The Washington Nationals (27-27) opened May with two wins over the Atlanta Braves (32-21), and will look to close out the month in a similar fashion.
The Braves have taken the upper hand in the season series between the division rivals so far, winning five of seven games, and the Nationals currently sit five and a half games behind them in the NL East, which is the farthest they have trailed all season.
Though there are still plenty of games left to influence the standings, a strong series win by either team would make a statement about the state of the rivalry as we enter the heart of the season.
Rejuvenating The Offense
In order to make that statement that they are the reigning NL East champions, the Nationals will need to persist in their attempt to amp up their offensive production.
The Nationals’ offense continued its struggle through May, putting up a slash line of .228/.286/.361, but it showed signs of life recently. In their last seven games, Nats hitters put together a team batting average of .268 (which is significantly higher than their season batting average of .231) with nine home runs, and they are averaging 4.43 runs per game in that span, almost a full run higher than their season average of 3.52 per game.
With any luck, they will continue to build on that recent success to overcome their rival Braves and to allow Davey Johnson, who vowed to keep growing his beard until the offense picked up, to shave.
Producing at the plate will be a must in order for the Nationals to beat the Braves, who have outscored them 30-13 so far this season and who have a .249/.319/.416 slash line for May with the fifth-most home runs of the month (34).
After finishing a series against the Baltimore Orioles, the Braves will be the second team in a row the Nationals will face that treats every game like it’s the Home Run Derby. While the Orioles set the bar for most home runs in baseball at 75, the Braves are not far behind in second place with 72. The Nationals are creeping up in the ranks as power hitters though, as their seven home runs in the Orioles series alone put their total for the year at 51.
Home runs certainly seem to have had their impact on the outcome of Braves games — for as much as you want to read into that – as Atlanta has gone 30-6 in games with a home run this season and 2-15 in games without one.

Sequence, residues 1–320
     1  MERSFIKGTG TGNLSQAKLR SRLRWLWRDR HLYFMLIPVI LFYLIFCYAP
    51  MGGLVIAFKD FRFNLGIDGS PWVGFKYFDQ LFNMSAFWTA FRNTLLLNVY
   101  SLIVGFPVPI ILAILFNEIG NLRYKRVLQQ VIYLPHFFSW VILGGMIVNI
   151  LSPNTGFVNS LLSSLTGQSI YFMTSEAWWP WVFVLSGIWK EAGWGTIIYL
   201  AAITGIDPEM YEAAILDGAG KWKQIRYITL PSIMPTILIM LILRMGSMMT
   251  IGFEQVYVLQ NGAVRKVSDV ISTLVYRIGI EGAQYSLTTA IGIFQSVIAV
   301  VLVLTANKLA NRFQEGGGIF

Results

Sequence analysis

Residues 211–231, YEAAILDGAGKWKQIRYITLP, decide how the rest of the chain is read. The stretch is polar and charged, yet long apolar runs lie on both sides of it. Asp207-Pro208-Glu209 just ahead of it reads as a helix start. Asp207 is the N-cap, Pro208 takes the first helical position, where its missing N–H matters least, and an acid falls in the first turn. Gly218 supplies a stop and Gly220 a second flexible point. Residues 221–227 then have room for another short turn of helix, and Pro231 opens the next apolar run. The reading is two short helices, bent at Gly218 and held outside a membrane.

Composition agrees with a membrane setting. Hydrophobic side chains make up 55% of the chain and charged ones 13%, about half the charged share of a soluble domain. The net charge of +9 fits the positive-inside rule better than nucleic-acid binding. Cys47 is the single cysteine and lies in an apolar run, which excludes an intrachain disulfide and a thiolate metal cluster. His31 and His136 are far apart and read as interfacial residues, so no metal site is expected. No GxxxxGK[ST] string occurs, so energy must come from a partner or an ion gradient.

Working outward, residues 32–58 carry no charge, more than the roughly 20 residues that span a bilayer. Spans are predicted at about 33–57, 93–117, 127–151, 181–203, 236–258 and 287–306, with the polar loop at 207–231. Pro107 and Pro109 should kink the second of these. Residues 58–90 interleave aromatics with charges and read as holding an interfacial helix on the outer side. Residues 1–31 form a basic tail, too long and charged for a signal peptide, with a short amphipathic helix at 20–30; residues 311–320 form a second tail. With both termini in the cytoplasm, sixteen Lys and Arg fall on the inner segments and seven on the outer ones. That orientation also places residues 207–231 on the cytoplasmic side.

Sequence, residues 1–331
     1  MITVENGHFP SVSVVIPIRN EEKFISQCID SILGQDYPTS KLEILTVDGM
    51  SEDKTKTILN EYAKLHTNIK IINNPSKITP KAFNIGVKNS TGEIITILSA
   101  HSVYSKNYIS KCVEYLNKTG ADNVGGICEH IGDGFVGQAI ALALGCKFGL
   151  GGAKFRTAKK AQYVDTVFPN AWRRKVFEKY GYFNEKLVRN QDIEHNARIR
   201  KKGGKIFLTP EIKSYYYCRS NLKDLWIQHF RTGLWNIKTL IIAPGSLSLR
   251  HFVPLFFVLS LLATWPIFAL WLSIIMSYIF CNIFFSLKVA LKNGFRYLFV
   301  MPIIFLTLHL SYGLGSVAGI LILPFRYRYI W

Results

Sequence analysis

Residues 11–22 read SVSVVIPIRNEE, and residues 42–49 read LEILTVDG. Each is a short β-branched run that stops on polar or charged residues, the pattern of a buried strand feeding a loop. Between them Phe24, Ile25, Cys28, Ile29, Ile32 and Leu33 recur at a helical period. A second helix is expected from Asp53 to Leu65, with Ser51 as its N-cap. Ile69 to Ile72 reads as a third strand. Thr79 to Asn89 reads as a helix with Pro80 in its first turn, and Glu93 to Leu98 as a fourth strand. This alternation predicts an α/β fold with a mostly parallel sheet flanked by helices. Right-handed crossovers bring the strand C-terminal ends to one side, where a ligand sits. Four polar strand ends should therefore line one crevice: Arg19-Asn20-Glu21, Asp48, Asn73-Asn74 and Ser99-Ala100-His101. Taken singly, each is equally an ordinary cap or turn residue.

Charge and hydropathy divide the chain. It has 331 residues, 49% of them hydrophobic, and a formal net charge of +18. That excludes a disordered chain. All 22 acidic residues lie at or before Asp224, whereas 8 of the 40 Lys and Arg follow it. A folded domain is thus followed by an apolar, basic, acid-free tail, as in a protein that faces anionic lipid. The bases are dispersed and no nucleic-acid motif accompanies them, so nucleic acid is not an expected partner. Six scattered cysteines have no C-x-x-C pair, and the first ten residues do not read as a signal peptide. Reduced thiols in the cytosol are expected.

However, neither team’s pitching staff gives up many home runs. The Nationals have given up only 47 this season, and the Braves have allowed only 48.
With five Braves pitchers on currently on the 15-day DL, including reliever Eric O’Flaherty (2.50 ERA), the Nationals are in a position to test the short-handed pitching staff at Turner Field with their potentially revitalized offense as they look to show the Braves that winning the NL East won’t be an easy task.
Bryce Harper will miss his fifth straight game with bursitis in his left knee. He was aiming to be back in the lineup for the series opener, but will wait at least another day before returning.
In The Zone
Adam LaRoche (1B) .417 AVG, .500 OBP, .917 SLG, 3 HR, 7 RBI (last seven games)
Evan Gattis (C) .500 AVG, .529 OBP, .938 SLG, 2 HR (last five games)
Freddie Freeman (1B) .433 AVG, .452 OBP, .700 SLG, 2 HR (last seven games)
Justin Upton (LF) .167 AVG, .259 OBP, .208 SLG, 11 SO (last six games)
Dan Uggla (2B) .211 AVG, .375 OBP, .526 SLG, 9 SO (last six games)
5/31, Stephen Strasburg (3-5, 2.49 ERA, .215 BAA, 71 SO) vs. Julio Teheran (3-1, 3.67 ERA, .285 BAA, 35 SO)
6/1, Gio Gonzalez (3-3, 3.90 ERA, .213 BAA, 60 SO) vs. Tim Hudson (4-4, 5.37 ERA, .266 BAA, 45 SO)
6/2, Nathan Karns (0-0, 6.23 ERA, .278 BAA, 3 SO) vs. Paul Maholm (6-4, 3.74 ERA, .250 BAA, 51 SO)